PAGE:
Kitty Vane, Alan Trent, and Gerald Shannon have been inseparable friends since childhood. Kitty has always known she would marry one of them, but has waited until the beginning of World War... See full summary »
Set against the background of the Battle of Waterloo, Becky Sharp is the story of Vanity Fair by Thackeray. Becky and Amelia are girls at school together, but Becky is from a "show biz" ... See full summary »
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The work of a progressive female psychiatrist and her colleague at a mental hospital is threatened by the arrival of a conservative new supervisor, who disapproves of both her methods and the fact that she is a woman in a "man's field."
Gregory La Cava
Kitty Vane, Alan Trent, and Gerald Shannon have been inseparable friends since childhood. Kitty has always known she would marry one of them, but has waited until the beginning of World War I before finally choosing Alan. Gerald graciously gives them his blessing. Then, Gerald and Alan go to war. Angered over a misunderstanding involving Alan and Kitty, Gerald sends Alan on a dangerous mission that will change all their lives forever. Written by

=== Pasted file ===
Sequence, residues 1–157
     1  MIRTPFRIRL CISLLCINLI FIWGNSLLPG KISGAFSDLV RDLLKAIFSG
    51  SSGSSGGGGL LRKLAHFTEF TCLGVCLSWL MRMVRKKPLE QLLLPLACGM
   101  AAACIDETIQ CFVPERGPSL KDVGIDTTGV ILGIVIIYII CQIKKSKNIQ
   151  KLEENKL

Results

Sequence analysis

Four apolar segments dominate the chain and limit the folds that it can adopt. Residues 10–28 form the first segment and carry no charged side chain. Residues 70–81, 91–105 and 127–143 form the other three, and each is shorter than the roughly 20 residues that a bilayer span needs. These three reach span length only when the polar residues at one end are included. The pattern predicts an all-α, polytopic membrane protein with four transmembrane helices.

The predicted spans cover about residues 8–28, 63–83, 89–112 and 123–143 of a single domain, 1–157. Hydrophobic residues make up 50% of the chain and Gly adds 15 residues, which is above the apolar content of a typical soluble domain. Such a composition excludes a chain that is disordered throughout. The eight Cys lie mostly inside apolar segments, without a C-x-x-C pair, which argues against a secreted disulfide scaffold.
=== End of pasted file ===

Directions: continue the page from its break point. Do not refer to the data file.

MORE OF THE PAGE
George S. Davis <email@example.com>
"The Screen Guild Theater" broadcast a 30 minute radio adaptation of the movie on May 8, 1944 with Merle Oberon reprising her film role. See more »
Although the bulk of the story takes place during World War I, and the time immediately thereafter, all of the women's clothes and hairstyles, particularly those of Merle Oberon, Janet Beecher and Frieda Inescort are strictly in the 1935 mode. See more »
It's hard to imagine what Dorothy Parker had to do with this script. It is ultra serious, ultra "Important." All it lacks is Ann Harding.
Herbert Marshall, Fredric March, and Merle Oberon are childhood friends who grow up. Marshall grows into a very stiff-upper-lip type. March is too, to a degree. Of course, both are in love with Oberon.
For her debut in American movies, the beautiful Oberon is given a most unflattering hairstyle. It would have looked better on a shrub. Possibly on a dog. She turns in a creditable performance, though she was generally a wooden actress. Gorgeous looking but no fire.
March is interesting in the later scenes. (No hint from me as to what happens, but the plot also improved.) I don't mind women's pictures of this era but certain of them, this included, leave me cold. And this movie IS cold -- cold and clammy.
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